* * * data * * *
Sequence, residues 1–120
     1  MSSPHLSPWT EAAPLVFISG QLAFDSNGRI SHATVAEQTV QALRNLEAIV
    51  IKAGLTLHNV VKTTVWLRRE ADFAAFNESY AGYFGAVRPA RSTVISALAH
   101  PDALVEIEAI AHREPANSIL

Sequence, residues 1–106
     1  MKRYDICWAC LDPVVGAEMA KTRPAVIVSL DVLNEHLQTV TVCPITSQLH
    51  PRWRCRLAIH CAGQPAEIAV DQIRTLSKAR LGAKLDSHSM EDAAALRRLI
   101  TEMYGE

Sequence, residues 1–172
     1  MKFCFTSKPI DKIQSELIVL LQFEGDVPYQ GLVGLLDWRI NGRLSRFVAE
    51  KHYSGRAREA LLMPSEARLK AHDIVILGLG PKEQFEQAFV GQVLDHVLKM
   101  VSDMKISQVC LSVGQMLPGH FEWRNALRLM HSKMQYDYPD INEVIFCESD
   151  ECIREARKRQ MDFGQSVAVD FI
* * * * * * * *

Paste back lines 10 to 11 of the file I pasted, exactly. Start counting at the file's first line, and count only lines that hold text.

     1  MKFCFTSKPI DKIQSELIVL LQFEGDVPYQ GLVGLLDWRI NGRLSRFVAE
    51  KHYSGRAREA LLMPSEARLK AHDIVILGLG PKEQFEQAFV GQVLDHVLKM